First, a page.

Mystery and horror intertwine in a gothic tale with modern accents.
Cassandra Blackwell's year abroad at Oxford finds the American well outside her element. No matter, though: she's not there to study but to find out the truth about her mother, whose mental illness and suicide have roots in a secret society on campus. McDonald plays with reader expectations, pivoting from one mystery to another. Is the society real or a hoax? Either answer would indicate that half the people in her life are lying, an unsettling prospect. The historical campus trope gets some clever nose-tweaking here; an eerie, winding staircase terminates in a card-swipe lock, and a student poring over his Moleskine notebook has cut a compartment inside to hide a cellphone. Travel far enough into the countryside, though, and that “connectivity” is stripped away. A chase on foot is especially frightening given that nobody can get bars on a phone to call for help. What Cassie learns—about both of her parents and about who is and is not a true friend—leads her to take a bold risk to end the perceived curse hanging over the school. McDonald has done the same thing in a sense, breathing some new life into a well-used genre. If the ending is a bit pat and sudden, it's forgivable given the ride leading up to it. And while it seems unlikely, the potential for a sequel is there, and ripe with possibility.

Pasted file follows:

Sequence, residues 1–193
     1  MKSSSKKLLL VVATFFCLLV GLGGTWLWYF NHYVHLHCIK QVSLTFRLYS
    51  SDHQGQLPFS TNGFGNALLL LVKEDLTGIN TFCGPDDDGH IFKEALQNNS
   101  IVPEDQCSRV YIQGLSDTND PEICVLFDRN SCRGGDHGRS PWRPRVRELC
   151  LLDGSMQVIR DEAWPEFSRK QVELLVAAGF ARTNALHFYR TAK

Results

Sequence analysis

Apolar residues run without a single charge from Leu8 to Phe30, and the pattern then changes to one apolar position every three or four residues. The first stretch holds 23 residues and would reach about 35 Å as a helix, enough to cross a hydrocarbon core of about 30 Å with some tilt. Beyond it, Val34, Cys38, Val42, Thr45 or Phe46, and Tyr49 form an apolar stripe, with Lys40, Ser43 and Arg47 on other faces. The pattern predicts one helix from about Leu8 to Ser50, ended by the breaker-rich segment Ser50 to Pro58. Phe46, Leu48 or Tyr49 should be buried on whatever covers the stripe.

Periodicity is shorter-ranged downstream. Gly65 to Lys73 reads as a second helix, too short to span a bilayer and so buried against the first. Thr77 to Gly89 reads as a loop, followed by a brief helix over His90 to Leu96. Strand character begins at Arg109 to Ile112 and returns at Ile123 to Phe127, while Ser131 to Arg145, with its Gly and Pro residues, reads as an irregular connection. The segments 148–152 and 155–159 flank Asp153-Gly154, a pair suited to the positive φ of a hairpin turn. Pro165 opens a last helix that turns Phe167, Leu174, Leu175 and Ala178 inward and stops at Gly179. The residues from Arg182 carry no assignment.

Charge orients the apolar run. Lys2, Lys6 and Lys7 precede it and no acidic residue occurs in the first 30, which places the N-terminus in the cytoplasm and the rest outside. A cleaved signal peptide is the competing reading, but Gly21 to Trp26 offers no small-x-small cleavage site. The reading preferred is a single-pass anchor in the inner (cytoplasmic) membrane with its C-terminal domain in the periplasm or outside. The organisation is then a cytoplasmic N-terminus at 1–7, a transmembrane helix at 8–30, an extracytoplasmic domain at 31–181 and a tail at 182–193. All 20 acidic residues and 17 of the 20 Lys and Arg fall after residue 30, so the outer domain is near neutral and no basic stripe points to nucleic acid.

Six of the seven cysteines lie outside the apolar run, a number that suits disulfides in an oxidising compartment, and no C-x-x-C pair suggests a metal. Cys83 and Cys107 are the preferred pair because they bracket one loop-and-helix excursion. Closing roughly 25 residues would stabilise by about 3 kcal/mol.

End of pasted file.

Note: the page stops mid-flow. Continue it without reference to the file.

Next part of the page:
A story just right for a dark and stormy night. Scary and good fun.